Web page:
Statute of Limitations and Settlement of Equal Credit Opportunity Act Discrimination Claims Against the Department of Agriculture, 98-2

CourtOpinions of the Office of Legal Counsel of the Department of Justice
Decision Date29 January 1998
Docket Number98-2
PartiesStatute of Limitations and Settlement of Equal Credit Opportunity Act Discrimination Claims Against the Department of Agriculture

22 Op. O.L.C. 11

Statute of Limitations and Settlement of Equal Credit Opportunity Act Discrimination Claims Against the Department of Agriculture

No. 98-2

United States Department of Justice

January 29, 1998


DAWN JOHNSEN Acting Assistant Attorney General Office of Legal Counsel.

Statute of Limitations and Settlement of Equal Credit Opportunity Act Discrimination Claims Against the Department of Agriculture

The Attorney General may not waive the statute of limitations in the litigation or compromise of pending claims against the United States.

Absent a specific provision to the contrary, a statute of limitations on civil actions also should apply to administrative settlements of claims arising under that statute pursuant to 31 U.S.C. §3702.

31 U S.C. §3702 does not authorize the Department of Agriculture to pay compensatory damages in an administrative settlement of an ECOA claim if ECOA's two year statute of limitations has run.

Filing an administrative claim with USDA does not toll ECOA's statute of limitations.

Although ECOA's statute of limitations is, in appropriate circumstances, subject to the doctrines of equitable tolling and equitable estoppel, courts have rarely applied either doctrine against the United States.

MEMORANDUM OPINION FOR THE ASSOCIATE ATTORNEY GENERAL

This memorandum responds to your request for advice on whether the statute of limitations in the Equal Credit Opportunity Act, 15 U.S.C. §§ 1691-l691f (1994 & Supp. I 1995) ("ECOA"), applies to administrative settlements of ECOA claims. You also have asked us whether the government may waive the statute of limitations, and under what circumstances the statute of limitations might be tolled.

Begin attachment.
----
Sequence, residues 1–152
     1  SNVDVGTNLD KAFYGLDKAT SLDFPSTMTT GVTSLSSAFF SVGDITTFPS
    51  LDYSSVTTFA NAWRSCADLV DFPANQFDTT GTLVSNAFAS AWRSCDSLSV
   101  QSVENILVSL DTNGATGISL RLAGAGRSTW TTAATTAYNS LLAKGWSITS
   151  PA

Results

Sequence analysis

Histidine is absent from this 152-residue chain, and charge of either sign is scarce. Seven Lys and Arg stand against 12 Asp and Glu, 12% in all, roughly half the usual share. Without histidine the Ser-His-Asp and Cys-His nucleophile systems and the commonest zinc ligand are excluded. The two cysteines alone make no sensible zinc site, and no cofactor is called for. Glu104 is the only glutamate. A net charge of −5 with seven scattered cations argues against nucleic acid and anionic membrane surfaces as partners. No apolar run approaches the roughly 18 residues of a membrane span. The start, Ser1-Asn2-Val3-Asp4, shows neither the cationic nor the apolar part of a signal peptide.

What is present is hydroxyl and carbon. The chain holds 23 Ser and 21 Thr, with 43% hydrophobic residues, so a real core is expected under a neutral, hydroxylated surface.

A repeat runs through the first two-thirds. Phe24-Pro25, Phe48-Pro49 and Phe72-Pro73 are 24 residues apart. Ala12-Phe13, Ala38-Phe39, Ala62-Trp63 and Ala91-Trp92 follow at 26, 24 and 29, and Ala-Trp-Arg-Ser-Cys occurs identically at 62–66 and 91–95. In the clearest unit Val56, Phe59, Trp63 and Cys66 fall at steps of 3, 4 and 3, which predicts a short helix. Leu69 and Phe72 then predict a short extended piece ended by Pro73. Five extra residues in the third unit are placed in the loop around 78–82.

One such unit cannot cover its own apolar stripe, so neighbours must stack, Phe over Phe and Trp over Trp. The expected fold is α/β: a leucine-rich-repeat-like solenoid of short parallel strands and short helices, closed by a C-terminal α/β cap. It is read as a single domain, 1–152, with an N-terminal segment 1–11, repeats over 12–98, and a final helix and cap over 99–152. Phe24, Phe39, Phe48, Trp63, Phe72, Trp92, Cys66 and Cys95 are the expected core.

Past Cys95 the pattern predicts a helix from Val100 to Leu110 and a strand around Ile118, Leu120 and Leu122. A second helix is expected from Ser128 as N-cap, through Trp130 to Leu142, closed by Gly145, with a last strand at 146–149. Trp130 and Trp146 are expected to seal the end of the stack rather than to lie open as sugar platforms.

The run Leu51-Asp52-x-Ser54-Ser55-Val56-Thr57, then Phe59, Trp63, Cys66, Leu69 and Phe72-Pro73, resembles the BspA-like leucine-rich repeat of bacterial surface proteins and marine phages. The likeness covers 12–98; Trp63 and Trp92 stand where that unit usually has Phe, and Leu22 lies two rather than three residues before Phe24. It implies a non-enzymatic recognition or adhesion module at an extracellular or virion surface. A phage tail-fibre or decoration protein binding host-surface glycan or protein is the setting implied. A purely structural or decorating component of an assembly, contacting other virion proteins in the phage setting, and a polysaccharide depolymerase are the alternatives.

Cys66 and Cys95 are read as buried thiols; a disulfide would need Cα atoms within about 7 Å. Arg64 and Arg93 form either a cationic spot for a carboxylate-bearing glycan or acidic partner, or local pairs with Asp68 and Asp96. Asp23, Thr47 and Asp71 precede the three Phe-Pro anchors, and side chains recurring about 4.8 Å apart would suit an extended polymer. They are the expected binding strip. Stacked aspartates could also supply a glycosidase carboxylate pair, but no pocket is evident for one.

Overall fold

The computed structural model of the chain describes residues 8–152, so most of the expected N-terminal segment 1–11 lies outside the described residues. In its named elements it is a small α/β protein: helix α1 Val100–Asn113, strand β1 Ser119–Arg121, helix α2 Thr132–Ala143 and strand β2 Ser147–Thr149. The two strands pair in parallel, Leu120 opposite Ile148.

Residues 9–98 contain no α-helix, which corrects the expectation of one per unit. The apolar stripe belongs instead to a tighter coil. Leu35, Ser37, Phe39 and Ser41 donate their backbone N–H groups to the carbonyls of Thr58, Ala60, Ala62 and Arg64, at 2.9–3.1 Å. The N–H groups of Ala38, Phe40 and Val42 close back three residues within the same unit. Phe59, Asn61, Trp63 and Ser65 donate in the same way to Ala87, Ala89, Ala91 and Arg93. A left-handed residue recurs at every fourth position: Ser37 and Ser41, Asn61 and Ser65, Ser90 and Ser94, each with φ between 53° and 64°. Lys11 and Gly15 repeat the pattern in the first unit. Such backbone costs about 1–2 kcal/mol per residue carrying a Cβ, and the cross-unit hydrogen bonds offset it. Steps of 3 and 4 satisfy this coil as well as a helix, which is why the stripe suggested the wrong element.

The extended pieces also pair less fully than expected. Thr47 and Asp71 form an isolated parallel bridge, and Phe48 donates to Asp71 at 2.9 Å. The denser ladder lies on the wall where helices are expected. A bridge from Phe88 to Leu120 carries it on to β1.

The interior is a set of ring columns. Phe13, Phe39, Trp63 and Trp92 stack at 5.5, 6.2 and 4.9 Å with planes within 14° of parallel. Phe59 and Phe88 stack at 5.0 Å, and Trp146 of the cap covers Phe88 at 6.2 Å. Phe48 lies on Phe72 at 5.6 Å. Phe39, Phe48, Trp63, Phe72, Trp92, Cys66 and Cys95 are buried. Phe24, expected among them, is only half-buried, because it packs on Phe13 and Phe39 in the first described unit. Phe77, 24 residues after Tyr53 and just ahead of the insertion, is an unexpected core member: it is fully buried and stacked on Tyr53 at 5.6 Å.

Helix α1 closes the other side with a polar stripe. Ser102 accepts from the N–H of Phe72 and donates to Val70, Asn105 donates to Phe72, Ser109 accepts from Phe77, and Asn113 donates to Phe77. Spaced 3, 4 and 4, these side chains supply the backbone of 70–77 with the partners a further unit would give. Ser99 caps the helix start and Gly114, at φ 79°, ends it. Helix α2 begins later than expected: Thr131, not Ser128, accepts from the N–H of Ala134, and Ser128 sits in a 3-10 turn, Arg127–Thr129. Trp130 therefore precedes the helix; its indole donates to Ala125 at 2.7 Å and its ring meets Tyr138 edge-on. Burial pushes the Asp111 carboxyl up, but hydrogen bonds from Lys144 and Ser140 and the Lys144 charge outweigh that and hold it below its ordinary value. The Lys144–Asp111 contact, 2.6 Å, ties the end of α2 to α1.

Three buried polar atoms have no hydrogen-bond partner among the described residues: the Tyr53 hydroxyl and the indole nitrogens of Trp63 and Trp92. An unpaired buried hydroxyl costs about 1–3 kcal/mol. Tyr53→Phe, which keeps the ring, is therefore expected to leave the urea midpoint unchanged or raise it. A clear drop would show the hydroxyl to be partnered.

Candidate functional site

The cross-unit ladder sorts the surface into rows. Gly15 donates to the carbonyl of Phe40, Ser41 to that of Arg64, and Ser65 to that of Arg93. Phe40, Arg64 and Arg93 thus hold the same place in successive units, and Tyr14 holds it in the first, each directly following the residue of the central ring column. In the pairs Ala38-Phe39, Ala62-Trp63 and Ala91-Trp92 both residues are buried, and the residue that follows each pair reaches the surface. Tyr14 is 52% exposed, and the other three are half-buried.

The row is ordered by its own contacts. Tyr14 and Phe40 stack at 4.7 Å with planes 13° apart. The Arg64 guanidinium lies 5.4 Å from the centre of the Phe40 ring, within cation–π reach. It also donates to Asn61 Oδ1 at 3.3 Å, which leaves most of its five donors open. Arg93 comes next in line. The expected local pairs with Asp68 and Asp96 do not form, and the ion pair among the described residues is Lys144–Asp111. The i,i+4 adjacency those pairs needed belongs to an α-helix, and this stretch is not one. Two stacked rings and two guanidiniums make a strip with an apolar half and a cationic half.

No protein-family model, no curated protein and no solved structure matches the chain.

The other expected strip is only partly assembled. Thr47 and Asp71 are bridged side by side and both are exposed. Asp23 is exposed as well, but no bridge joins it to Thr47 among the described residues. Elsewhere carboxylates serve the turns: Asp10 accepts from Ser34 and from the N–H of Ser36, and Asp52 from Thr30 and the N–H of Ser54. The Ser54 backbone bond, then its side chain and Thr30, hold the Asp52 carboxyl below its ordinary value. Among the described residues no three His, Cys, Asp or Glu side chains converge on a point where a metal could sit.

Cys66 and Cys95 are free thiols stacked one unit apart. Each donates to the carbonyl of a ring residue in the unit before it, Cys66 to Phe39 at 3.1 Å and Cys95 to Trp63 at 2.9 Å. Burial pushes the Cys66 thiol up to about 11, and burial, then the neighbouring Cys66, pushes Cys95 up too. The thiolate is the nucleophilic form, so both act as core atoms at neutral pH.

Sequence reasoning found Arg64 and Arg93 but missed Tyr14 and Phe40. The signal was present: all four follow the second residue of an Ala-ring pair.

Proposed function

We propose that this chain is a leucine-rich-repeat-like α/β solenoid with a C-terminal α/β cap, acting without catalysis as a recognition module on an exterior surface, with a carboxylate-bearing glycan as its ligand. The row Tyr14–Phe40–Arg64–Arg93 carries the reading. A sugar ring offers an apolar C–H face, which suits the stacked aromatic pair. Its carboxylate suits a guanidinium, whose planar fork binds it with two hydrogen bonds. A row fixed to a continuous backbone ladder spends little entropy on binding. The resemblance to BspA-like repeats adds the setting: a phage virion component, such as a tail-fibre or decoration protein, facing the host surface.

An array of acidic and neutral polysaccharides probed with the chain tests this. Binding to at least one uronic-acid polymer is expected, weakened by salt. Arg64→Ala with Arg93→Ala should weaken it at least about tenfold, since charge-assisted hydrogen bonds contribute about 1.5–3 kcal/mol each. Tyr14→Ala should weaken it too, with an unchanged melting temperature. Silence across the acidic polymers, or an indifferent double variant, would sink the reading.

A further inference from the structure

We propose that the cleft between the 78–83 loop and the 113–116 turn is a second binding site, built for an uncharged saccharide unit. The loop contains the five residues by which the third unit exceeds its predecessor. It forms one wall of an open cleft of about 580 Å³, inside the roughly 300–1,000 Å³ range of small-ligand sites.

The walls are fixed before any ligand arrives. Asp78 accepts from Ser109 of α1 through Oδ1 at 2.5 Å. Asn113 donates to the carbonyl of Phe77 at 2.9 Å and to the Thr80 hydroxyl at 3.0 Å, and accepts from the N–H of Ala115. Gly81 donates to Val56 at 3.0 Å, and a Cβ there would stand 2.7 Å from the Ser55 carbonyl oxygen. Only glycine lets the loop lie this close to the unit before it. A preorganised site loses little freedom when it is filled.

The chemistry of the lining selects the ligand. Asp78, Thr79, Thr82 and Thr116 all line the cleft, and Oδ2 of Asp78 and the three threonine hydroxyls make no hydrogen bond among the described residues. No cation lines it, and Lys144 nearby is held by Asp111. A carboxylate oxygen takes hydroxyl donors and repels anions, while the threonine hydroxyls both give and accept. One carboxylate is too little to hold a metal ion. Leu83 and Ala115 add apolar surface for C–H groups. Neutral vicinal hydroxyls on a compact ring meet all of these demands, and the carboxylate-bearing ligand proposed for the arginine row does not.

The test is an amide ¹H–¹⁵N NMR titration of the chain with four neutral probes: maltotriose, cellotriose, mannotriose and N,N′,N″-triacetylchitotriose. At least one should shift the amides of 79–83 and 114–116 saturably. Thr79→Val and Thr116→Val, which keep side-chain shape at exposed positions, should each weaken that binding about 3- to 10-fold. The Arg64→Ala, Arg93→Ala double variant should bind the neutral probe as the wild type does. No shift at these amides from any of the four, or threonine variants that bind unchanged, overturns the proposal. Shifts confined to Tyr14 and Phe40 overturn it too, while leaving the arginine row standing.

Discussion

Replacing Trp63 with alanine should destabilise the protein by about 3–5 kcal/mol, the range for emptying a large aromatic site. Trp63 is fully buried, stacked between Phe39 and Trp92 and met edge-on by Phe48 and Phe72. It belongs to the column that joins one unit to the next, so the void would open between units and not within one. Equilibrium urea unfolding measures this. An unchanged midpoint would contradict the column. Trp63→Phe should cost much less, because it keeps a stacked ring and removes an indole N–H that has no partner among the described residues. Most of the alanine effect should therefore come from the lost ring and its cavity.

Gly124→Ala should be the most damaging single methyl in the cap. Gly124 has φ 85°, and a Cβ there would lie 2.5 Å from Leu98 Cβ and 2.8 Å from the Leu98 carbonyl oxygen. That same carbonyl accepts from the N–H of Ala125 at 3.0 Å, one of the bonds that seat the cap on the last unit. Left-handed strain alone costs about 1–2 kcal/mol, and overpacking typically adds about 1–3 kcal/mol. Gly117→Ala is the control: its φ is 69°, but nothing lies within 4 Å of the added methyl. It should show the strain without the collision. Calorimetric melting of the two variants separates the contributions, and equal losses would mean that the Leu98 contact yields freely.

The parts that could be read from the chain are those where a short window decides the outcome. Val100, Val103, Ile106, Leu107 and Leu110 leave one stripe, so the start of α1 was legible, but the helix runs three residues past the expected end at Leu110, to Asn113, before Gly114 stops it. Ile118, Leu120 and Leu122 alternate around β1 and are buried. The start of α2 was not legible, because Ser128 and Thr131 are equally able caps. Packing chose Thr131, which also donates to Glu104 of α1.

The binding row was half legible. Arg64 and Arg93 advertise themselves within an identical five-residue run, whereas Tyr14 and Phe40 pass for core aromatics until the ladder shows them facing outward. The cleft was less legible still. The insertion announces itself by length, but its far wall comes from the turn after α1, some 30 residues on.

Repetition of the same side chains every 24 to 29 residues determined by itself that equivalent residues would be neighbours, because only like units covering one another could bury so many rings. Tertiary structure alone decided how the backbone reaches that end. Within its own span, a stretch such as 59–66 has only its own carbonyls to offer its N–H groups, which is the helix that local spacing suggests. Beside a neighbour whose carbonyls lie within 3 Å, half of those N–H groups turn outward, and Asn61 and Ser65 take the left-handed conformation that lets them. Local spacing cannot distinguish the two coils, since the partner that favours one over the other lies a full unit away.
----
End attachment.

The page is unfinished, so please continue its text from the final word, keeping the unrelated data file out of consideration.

We have concluded that ECOA's statute of limitations does apply to administrative settlements of ECOA claims and that the statute of limitations cannot be waived by the United States, either in litigation or in the administrative process. As for tolling of the statute of limitations, we have concluded that filing an administrative complaint does not toll the limitations period for a civil action. While ECOA is, in relevant circumstances, subject to the doctrines of equitable tolling and equitable estoppel, courts infrequently apply these doctrines against the United States.

I. Background

In relevant part, ECOA prohibits any creditor from discriminating against any applicant, with respect to any aspect of a credit transaction, on the basis of race, color, religion, national origin, sex or marital status. 15 U.S.C. § 1691(a). A "creditor" under the act includes any person who regularly extends, renews, or continues credit. Id. § 1691a(e). A "person" is "a natural person, a corporation, [ 12] government or governmental subdivision or agency, trust, estate, partnership, cooperative, or association." Id. § 1691a(f).